Hyperx Cloud Ii Gaming Headset Wireless Alpha

HyperX reveals range of new and updated Cloud gaming headsets

Light as a...

HyperX, a popular manufacturer of gaming peripherals, has announced a new wave of gaming headsets for its popular Cloud series. Both wireless and wired options exist between the premium Cloud Alpha, Cloud II, and basic Cloud Core models. All of the headsets feature aluminum lightweight frames, memory foam padding wrapped in leatherette, closed cup headphone designs, and detachable condenser mics with uni-directional noise cancelling properties.

Recommended Videos

All of the upcoming products will release by early spring of this year with a couple different color options for each style. Here’s what we know so far.


Wireless freedom

The HyperX Cloud Alpha Wireless gaming headset looks to be the flagship of the bunch at $199.99 USD, due for release in February. HyperX noted in its press release that it’s now slimmer and lighter than the previous wired variant, but it still maintains a similar quality of sound and performance compared to the original wired version. While the differences are likely hard to notice on the high end of the audio spectrum, users might want to brace for some toned down bass in the wireless variant, as is typically the case with all wireless headsets. The freedom from cabling might just be worth it to you, though. 

The company claims the headset offers up to 300 hours of battery life per charge at 50% volume. While this is impressive, and apparently confirmed by third party validation, we’re a little skeptical. Still, anything close to that number sounds more than impressive and certainly convenient. When you do need to charge, you’ll be able to plug it into a standard USB 2.0 port via the 0.5m cable and be back on full in 4.5 hours. The HyperX Cloud Alpha Wireless is advertised with a range of 20 meters and a total weight of 335g.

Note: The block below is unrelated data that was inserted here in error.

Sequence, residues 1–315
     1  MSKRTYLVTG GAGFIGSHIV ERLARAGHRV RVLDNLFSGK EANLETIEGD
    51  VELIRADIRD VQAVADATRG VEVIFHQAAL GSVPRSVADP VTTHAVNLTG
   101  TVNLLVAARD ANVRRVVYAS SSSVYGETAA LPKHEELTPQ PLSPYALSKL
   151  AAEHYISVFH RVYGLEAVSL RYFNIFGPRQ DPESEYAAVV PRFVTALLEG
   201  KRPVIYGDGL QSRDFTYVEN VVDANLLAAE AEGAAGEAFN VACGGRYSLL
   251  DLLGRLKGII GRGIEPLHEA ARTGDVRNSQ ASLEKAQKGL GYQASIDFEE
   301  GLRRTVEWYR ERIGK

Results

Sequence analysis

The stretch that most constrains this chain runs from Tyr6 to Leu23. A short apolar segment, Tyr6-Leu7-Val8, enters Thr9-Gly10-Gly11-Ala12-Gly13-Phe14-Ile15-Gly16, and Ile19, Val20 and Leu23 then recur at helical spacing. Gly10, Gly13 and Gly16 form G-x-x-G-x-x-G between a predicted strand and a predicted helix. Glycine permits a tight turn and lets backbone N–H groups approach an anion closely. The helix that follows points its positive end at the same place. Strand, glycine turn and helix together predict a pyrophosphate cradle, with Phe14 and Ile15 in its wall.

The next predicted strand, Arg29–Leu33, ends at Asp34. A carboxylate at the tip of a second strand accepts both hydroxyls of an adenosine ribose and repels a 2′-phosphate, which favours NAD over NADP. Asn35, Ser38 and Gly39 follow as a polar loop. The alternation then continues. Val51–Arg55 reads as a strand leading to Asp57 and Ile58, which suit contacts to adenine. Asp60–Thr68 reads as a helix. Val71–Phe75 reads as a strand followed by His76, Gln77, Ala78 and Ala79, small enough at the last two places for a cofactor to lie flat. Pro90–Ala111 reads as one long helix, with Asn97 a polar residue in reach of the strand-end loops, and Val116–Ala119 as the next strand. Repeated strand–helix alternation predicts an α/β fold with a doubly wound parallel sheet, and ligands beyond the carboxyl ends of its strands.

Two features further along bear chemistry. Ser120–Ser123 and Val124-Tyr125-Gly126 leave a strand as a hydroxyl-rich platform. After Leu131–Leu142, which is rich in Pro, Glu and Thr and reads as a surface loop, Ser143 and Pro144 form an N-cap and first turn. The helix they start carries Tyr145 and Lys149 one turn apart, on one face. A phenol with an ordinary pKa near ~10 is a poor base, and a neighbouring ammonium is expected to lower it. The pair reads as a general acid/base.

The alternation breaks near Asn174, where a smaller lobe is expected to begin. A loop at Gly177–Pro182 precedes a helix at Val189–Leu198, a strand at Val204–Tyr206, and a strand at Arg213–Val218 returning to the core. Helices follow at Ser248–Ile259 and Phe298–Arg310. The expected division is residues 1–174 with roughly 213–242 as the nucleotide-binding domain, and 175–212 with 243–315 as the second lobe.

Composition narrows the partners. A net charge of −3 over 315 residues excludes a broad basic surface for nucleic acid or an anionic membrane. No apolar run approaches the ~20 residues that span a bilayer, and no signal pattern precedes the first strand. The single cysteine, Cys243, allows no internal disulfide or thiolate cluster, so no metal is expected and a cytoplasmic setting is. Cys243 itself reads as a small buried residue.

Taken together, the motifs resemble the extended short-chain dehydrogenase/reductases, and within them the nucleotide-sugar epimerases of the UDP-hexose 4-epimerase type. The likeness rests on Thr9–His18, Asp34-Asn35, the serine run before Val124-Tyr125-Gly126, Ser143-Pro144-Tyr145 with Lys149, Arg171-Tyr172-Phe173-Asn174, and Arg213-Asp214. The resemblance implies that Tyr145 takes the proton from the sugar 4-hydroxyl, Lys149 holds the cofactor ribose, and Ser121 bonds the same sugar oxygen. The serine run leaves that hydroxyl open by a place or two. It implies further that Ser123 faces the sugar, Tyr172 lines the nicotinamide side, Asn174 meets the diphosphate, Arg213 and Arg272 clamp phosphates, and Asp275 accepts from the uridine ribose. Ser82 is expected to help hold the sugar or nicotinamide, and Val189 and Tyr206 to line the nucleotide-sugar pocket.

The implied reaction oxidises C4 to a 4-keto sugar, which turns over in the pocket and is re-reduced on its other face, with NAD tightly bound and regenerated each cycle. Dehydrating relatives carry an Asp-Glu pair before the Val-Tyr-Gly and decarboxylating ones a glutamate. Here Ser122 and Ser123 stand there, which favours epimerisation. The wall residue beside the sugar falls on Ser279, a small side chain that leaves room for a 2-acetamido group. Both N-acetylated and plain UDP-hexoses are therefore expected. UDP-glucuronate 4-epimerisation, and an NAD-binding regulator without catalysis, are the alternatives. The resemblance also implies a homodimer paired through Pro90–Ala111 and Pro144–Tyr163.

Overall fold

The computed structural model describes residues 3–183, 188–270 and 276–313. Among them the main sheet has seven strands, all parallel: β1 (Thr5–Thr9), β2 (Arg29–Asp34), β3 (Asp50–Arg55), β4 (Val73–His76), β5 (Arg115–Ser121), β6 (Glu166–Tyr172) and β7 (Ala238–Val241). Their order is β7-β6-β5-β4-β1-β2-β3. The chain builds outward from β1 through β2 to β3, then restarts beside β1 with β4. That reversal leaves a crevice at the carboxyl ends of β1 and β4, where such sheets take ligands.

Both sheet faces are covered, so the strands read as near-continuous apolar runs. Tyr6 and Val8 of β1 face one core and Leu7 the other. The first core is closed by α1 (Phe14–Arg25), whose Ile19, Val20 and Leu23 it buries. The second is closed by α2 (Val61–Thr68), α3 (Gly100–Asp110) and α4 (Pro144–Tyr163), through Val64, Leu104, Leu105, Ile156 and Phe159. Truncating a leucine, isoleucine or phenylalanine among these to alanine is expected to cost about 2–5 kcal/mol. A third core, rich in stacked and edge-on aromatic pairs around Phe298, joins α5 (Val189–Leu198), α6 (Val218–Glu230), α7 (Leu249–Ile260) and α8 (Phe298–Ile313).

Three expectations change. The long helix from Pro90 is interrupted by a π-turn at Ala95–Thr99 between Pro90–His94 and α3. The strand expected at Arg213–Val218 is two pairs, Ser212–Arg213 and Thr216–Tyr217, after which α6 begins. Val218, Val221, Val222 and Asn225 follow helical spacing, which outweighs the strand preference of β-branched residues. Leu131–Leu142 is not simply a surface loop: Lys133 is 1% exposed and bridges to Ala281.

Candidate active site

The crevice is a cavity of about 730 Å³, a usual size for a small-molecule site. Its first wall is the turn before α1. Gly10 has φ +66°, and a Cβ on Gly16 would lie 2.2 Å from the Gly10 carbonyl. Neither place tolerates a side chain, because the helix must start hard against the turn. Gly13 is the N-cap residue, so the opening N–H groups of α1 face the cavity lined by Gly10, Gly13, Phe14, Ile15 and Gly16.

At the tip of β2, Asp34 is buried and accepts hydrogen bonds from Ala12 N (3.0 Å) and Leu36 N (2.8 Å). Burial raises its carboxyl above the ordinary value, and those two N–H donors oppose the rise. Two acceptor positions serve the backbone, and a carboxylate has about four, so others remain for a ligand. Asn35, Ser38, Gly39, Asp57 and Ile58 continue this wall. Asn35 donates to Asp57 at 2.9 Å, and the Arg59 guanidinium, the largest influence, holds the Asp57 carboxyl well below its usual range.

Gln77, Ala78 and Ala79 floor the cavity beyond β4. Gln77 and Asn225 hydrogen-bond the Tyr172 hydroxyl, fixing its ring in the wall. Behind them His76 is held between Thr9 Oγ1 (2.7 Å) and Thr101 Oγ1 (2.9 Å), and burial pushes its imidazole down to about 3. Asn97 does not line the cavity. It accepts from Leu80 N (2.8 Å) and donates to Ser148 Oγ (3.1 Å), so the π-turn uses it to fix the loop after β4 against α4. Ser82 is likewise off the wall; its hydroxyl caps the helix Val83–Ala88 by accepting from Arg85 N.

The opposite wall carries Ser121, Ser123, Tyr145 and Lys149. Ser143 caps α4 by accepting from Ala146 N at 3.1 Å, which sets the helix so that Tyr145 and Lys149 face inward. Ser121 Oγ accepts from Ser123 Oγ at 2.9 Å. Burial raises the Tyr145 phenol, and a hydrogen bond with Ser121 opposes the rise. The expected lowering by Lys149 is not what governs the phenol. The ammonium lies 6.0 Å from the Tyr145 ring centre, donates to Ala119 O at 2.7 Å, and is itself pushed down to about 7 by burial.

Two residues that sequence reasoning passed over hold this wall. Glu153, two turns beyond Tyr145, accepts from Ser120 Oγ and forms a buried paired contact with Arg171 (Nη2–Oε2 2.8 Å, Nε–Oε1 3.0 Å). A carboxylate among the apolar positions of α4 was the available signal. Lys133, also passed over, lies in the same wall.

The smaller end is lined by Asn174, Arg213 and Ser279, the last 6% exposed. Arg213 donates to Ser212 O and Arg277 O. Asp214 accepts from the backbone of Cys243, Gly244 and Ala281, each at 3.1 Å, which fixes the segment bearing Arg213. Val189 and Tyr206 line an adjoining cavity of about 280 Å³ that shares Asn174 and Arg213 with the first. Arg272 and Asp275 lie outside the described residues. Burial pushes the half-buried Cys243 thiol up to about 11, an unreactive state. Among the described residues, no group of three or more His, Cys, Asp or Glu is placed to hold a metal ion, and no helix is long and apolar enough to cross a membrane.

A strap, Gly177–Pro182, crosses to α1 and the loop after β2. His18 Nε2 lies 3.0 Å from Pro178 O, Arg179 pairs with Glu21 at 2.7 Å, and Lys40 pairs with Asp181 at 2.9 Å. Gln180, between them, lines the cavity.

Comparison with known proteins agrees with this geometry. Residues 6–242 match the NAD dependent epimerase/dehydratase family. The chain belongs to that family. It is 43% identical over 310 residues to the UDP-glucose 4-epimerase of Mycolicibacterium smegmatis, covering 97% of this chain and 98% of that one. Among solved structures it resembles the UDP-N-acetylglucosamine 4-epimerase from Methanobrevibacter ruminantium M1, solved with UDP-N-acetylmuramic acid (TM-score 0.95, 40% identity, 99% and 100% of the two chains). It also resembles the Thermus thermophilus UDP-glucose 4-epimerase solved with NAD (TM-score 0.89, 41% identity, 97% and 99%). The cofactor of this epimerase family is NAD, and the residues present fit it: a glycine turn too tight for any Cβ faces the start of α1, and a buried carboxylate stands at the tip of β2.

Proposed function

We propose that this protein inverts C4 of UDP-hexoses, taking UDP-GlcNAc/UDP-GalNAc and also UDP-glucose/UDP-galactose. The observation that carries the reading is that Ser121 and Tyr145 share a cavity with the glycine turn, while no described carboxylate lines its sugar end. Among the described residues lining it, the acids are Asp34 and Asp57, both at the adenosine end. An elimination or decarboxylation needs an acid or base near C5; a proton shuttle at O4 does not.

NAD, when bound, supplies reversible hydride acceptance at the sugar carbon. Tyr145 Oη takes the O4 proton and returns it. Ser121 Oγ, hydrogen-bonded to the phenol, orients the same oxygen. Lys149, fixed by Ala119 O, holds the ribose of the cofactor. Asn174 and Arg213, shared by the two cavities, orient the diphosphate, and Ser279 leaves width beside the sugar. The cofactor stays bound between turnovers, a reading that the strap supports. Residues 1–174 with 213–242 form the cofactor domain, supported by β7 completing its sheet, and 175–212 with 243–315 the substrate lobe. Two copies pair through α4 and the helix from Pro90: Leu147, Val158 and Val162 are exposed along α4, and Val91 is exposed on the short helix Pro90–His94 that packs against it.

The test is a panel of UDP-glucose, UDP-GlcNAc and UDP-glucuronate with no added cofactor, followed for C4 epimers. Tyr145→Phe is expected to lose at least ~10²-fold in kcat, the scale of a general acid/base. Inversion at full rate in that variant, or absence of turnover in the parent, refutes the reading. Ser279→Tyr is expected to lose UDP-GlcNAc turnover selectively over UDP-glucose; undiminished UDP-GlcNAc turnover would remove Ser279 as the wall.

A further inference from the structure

Changing up the volume is also easy with the integrated audio controls on one of the earcups. You’ll be able to hear the frequency response range of 15Hz-21kHz as you blast, race, or whatever it is you do when gaming. That’s a pretty decent range for wireless tech, but if you want to embrace your inner audiophile, there’s also the Cloud II.

Hyperx Cloud Ii Pink 1 Main

Yes, the Cloud II comes in white and pink for all you Chads out there.

Wired supremacy

As the premium wired headset option, the Cloud II features more powerful drivers that offer a frequency response range of 10 Hz – 23 kHz for better low and high pitches, plus 7.1 virtual surround sound that can be toggled on. It too comes with integrated audio controls on one of the earcups and an upgraded mic over the base Cloud Core model. This headset weighs in at 332g. Expect the Cloud II sometime in March at an MSRP of $99.99 USD. 

Last is the Cloud Core which offers the lowest price point at $69.99 USD and it might just be one of the best new budget gaming headsets. With a frequency response range of 15 Hz – 21 kHz, it’s about what you’d expect for the money. It also comes with in-line audio controls (built into the cord) and weighs in at just 293g. While it doesn’t boast a long list of fancy features, it’s focus is on the core audio experience, hence the name. Expect the HyperX Cloud Core to go on sale this January. 

There’s plenty more going on at CES 2022 this week. Check out the Omen desktops that HP, the parent company of HyperX, showed off today as well as what else is new from HyperX. Head over to our Hardware section for more coverage of CES 2022.

PC Invasion is supported by our audience. When you purchase through links on our site, we may earn a small affiliate commission. Learn more about our Affiliate Policy
Image of Kevin Foley
Kevin Foley
Senior Staff Writer with PC Invasion since 2020, advocate for playing on the hardest difficulty options, and a graphics fanatic. Kevin's go-to gaming genres are shooters, RPGs, tactical strategy, and environmental puzzlers. His favorite franchises of all time include Halo, Mass Effect, Portal, KotOR, Super Smash Bros., Fortnite, and The Elder Scrolls. When he's not writing about games, he's investigating PC tech to see how it can improve gaming experiences.